Void()
as model param.

Inside the callback you can configure the various aspect of the row behaviour and appearance. All standard UITableView events can be overriden; a common event is

onDequeue
, called when
Row
's linked cell instance is dequeued and displayed. Anoter one (
onTap
) allows you to perform an action on cell's tap event. So, for example:
let rowItaly = Row(model: italy, { row in
    row.onDequeue = { _ in
        self.countryNameLabel.text = country.name.capitalized()
        return nil // when nil is returned cell will be deselected automatically
    }
    row.onTap = { _ in
        print("Show detail for country \(row.model)")
    }
})

There are lots of other events you can set into the row configuration callback (

onDelete
,
onSelect
,
onDeselect
,
onShouldHighlit
and so on).

Prepare Rows for an array of model

When you have an array of model instances to represent, one for each Row, you can use

create
shortcut. The following code create an array of
Rows
where each row receive the relative item from
self.countries
array.
let rowAllCountries = Row.create(self.countries)

Add Rows into the table

Adding rows to a table is easy as call a simple

add
function.
self.tableManager.add(rows: rowAllCountries) // add rows (by appending a new section)
self.tableManager.reloadData() // apply changes

(Remember: when you add rows without specifing a section a new section is created automatically for you).

Please note: when you apply a change to a table (by using

add
,
remove
or
move
functions, both for
Section
or
Row
instances) you must call the
reloadData()
function in order to reflect changes in UI.

If you want to apply changes using standard table's animations just call

update()
function; it allows you to specify a list of actions to perform. In this case
reloadData()
is called automatically for you and the engine evaluate what's changed automatically (inserted/moved/removed rows/section).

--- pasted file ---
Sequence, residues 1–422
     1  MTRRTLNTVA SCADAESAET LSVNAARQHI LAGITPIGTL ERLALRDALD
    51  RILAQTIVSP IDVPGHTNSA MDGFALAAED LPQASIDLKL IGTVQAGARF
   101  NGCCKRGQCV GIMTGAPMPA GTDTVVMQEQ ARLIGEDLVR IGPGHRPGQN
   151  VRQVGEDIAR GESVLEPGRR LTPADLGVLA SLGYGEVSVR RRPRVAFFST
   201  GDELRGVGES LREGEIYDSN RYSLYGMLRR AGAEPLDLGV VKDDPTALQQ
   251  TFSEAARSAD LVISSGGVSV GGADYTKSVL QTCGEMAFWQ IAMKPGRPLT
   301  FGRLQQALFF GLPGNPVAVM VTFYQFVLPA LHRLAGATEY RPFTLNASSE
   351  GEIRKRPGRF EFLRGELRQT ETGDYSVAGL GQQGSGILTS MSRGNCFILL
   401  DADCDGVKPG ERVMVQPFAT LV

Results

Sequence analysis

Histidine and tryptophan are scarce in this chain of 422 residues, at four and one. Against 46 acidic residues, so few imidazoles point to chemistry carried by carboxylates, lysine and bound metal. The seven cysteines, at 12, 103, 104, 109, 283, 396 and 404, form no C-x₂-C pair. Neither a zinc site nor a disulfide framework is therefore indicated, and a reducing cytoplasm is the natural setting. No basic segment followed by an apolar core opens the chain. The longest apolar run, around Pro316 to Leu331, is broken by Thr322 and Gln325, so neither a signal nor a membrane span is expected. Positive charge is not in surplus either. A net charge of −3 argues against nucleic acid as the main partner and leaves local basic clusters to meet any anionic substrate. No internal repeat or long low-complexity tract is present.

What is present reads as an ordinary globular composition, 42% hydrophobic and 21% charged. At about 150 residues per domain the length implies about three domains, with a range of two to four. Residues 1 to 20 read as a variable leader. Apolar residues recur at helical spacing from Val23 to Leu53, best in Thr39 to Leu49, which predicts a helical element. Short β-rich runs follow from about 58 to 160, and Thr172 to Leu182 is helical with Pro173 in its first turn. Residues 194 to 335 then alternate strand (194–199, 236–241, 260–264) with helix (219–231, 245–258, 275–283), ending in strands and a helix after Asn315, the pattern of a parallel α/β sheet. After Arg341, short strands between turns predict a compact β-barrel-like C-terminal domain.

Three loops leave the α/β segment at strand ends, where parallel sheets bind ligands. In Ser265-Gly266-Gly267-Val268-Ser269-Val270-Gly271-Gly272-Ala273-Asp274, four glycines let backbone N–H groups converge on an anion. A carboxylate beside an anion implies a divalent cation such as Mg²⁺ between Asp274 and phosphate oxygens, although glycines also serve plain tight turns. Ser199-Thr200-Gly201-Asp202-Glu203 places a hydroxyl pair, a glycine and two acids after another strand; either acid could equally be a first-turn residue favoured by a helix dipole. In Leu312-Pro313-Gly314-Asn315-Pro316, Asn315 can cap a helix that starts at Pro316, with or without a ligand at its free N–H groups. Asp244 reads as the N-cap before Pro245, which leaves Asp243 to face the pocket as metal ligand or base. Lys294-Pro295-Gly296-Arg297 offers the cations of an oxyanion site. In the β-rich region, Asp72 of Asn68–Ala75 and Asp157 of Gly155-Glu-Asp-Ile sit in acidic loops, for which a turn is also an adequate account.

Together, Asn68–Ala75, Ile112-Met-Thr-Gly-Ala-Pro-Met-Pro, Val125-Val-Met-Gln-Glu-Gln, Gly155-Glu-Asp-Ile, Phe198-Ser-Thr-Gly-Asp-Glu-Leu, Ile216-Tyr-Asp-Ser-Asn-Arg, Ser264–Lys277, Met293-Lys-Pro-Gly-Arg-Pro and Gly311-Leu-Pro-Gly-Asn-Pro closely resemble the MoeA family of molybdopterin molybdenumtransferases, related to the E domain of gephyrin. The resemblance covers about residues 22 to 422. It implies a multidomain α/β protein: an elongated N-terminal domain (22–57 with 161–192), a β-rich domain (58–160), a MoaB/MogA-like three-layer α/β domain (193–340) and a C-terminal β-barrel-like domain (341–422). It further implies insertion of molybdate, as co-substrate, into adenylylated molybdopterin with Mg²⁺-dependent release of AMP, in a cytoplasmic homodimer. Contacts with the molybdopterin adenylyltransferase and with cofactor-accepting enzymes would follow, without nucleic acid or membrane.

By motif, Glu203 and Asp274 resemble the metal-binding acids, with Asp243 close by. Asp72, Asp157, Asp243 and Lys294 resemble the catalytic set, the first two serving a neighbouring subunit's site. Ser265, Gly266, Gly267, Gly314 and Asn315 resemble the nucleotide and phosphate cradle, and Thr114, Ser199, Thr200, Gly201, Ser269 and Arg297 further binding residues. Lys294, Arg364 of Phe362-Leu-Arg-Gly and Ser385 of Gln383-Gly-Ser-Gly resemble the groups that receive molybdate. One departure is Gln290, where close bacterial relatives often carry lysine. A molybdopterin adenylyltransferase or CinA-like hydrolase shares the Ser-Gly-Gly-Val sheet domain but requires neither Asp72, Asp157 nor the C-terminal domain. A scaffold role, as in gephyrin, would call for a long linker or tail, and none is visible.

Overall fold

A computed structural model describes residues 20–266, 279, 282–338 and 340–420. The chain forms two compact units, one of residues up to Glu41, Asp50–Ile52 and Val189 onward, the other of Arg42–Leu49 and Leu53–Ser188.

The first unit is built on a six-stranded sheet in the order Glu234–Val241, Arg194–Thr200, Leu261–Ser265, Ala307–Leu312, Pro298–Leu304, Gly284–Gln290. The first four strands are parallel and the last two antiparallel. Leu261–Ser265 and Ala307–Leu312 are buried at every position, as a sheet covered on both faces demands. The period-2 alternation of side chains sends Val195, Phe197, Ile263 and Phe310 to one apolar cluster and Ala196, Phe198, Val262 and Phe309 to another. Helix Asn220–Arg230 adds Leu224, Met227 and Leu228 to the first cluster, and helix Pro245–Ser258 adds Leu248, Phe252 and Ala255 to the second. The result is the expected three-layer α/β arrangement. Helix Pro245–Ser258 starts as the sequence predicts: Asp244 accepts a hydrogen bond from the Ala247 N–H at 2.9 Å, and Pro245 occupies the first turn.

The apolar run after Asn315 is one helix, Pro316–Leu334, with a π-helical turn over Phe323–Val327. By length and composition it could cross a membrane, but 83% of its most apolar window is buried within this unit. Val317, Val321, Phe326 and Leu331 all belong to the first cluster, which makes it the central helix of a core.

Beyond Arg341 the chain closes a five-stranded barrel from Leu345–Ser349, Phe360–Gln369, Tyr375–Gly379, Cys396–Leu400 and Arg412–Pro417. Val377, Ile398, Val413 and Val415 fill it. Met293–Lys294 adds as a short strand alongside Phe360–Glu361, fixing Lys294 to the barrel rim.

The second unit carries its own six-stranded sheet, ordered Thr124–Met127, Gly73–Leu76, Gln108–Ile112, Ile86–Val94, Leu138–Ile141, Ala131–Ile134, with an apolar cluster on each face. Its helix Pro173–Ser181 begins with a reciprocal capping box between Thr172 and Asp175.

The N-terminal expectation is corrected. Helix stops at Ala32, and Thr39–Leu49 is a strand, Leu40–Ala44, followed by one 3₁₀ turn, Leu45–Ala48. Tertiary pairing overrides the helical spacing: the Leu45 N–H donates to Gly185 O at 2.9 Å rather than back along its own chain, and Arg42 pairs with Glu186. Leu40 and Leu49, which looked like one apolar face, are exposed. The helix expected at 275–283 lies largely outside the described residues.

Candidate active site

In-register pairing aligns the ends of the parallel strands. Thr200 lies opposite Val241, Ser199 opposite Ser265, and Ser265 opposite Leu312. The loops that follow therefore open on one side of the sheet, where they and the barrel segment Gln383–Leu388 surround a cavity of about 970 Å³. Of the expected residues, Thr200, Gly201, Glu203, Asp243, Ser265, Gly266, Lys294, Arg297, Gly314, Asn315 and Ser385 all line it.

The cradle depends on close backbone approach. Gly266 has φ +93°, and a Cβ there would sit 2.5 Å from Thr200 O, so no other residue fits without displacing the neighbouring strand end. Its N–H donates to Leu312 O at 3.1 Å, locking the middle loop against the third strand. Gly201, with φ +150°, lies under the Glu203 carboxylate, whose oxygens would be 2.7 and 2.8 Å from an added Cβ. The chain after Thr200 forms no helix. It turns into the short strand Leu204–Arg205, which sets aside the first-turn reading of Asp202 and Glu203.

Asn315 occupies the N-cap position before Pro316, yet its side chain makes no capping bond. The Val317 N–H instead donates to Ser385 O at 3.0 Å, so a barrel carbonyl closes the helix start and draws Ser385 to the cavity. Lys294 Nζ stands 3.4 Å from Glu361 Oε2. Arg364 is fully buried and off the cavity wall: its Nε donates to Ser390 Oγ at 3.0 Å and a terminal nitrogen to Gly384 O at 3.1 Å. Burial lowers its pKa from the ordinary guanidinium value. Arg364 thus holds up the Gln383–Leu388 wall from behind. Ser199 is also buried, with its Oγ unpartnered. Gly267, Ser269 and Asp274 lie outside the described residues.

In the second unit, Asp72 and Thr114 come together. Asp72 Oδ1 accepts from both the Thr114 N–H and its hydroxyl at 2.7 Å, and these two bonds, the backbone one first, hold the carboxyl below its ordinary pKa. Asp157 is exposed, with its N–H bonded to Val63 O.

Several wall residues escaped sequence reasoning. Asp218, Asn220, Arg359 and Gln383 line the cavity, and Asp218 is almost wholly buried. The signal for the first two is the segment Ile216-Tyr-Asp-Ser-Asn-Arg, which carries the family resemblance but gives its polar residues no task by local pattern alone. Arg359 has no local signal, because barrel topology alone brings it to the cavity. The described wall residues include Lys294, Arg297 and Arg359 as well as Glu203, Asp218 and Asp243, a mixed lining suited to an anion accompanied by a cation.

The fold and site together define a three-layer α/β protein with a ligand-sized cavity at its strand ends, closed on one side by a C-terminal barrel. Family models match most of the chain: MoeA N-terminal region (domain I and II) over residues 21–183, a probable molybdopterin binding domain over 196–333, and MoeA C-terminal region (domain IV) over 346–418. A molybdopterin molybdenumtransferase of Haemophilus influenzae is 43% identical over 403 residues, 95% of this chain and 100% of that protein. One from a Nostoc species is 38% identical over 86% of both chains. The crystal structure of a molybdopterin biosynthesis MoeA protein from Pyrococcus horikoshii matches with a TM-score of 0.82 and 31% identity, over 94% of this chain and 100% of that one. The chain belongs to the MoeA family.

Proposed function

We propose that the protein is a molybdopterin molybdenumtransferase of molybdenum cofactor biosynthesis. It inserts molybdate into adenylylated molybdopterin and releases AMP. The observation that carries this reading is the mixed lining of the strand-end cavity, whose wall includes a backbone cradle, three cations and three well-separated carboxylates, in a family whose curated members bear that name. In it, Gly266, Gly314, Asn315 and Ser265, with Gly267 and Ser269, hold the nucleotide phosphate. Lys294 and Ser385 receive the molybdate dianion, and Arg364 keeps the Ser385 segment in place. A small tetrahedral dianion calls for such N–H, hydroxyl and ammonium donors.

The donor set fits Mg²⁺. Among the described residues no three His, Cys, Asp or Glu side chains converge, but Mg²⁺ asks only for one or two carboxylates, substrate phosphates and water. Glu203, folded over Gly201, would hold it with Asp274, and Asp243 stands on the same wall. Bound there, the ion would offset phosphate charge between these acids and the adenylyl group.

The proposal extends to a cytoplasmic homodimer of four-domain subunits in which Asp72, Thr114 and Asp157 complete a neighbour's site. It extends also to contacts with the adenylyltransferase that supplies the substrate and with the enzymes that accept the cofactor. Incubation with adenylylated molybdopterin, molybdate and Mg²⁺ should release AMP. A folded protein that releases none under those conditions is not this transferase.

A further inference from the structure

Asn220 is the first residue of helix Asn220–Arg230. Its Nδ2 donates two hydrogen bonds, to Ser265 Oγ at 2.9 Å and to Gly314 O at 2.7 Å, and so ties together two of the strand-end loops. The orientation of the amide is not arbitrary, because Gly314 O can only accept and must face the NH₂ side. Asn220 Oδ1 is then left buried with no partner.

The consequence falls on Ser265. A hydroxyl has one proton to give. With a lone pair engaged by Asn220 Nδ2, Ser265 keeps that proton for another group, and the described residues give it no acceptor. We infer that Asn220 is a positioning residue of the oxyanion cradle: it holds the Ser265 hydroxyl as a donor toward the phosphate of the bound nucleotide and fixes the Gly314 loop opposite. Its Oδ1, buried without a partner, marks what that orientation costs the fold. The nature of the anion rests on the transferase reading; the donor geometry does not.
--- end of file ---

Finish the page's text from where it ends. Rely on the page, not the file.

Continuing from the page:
The following example add a new section at the end of the table and remove the first:

self.tableManager?.update(animation: .automatic, {
    self.tableManager?.insert(section: profileDetailSection, at: profileSection!.index! + 1)
    self.tableManager?.remove(sectionAt: 0)
})

Create
Section
and manage header/footer

If not specified sections are created automatically when you add rows into a table.

Section
objects encapulate the following properties:
  • rows
    list of rows (
    RowProtocol
    ) inside the section
  • headerTitle
    /
    headerView
    a plain header string or a custom header view (
    SectionView
    )
  • footerTitle
    /
    footerView
    a plain footer string or a custom footer view (
    SectionView
    )

Creating a new section with rows is pretty simple:

let rowCountries: [RowProtocol] = ...
let sectionCountries = Section(id: SECTION_ID_COUNTRIES row: rowCountries, headerTitle: "\(rowCountries.count) COUNTRIES")"

As like for

Row
even
Section
may have custom view for header or footer; in this case your custom header/footer must be an
UITableViewHeaderFooterView
subclass defined in a separate XIB file (with the same name of the class) which is conform to
DeclarativeView
protocol.
DeclarativeView
protocol defines the model accepted by the custom view (as for
Row
you can use
Void
if not applicable).

For example:

import UIKit
import Flow

public class TeamSectionView: UITableViewHeaderFooterView, DeclarativeView { public typealias T = TeamModel // the model represented by the view, use Void if not applicable

public static var defaultHeight: CGFloat? = 100

public func configure(_ item: TeamModel, type: SectionType, section: Int) { self.sectionLabel?.text = item.name.uppercased() } }

Now you can create custom view as header for section:

let europeSection = Section(europeRows, headerView: SectionView(team))
self.tableManager.add(section: europeSection)
self.tableManager.reloadData()

UITableView
animations

Flow fully supports animation for

UITableView
changes. As like for
UICollectionView